Canaletto

Canaletto was an Italian painter of landscapes, or vedute, of Venice. He was also an important printmaker in etching.

He was born in Venice and served his apprenticeship with his father and his brother. He began in his father's occupation, that of a theatrical scene painter. Canaletto was inspired by the Roman vedutista Giovanni Paolo Pannini, and started painting the daily life of the city and its people.

After returning from Rome in 1719, he began painting in his topographical style. Studying with the older Luca Carlevarijs, a moderately-talented painter of urban cityscapes, he rapidly became his master's equal. Much of Canaletto's early artwork was painted "from nature", differing from the then customary practice of completing paintings in the studio. Some of his later works do revert to this custom, as suggested by the tendency for distant figures to be painted as blobs of colour – an effect produced by using a camera obscura, which blurs farther-away objects.

However, his paintings are always notable for their accuracy: he recorded the seasonal submerging of Venice in water and ice. Canaletto's early works remain his most coveted and, according to many authorities, his best.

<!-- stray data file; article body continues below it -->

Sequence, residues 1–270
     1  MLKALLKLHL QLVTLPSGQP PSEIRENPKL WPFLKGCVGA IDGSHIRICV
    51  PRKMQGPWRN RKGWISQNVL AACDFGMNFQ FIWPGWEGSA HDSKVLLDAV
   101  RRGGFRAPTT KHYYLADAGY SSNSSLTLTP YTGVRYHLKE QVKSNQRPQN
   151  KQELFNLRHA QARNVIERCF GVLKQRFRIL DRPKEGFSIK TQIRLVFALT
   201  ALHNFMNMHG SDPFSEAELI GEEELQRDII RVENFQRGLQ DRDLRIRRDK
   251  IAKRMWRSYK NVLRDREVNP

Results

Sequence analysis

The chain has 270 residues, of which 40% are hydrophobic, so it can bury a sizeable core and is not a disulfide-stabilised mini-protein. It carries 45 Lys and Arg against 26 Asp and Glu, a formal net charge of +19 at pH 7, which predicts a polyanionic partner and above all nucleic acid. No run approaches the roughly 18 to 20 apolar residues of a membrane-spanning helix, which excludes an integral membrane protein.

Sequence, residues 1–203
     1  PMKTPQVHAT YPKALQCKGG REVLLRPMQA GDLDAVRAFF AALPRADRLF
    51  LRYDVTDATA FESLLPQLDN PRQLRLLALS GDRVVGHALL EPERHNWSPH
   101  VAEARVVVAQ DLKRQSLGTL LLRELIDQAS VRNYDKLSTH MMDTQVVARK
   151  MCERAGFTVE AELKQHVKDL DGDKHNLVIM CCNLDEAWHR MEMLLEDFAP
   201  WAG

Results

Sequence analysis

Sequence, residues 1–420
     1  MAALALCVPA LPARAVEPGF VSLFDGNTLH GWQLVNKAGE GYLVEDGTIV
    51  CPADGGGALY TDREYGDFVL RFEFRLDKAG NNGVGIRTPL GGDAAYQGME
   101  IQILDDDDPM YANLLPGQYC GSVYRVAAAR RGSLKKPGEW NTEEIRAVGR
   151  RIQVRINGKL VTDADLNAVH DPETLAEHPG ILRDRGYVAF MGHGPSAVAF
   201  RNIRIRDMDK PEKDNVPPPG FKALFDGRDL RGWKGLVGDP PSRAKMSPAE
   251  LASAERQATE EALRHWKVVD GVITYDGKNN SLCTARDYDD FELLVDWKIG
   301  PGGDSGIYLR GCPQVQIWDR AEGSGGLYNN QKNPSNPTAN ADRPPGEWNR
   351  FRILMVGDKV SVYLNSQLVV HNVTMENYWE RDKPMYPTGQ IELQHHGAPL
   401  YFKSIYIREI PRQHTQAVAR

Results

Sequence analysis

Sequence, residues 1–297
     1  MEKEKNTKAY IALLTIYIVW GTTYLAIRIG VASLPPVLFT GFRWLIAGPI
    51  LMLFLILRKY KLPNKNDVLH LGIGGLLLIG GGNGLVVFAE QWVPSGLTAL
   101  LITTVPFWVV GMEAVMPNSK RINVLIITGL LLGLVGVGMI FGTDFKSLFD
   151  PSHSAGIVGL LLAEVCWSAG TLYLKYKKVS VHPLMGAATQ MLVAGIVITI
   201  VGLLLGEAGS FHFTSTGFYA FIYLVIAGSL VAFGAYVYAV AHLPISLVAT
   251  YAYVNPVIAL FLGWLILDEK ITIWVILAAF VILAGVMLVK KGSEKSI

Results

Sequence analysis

Later Canaletto painted grand scenes of the canals of Venice and the Doge's Palace. His large-scale landscapes portrayed the city's pageantry and waning traditions, making innovative use of atmospheric effects and strong local colors. For these qualities, his works may be said to have anticipated Impressionism.

Many of his pictures were sold to Englishmen on their Grand Tour. In 1746 Canaletto moved to London, to be closer to his market. He remained in England until 1755, producing views of London. Overall this period was not satisfactory, owing mostly to the declining quality of Canaletto's work. He's painting began to suffer from repetitiveness, losing its fluidity.

After his return to Venice, Canaletto was elected to the Venetian Academy in 1763. He continued to paint until his death in 1768. In his later years he often worked from old sketches, but he sometimes produced surprising new compositions.

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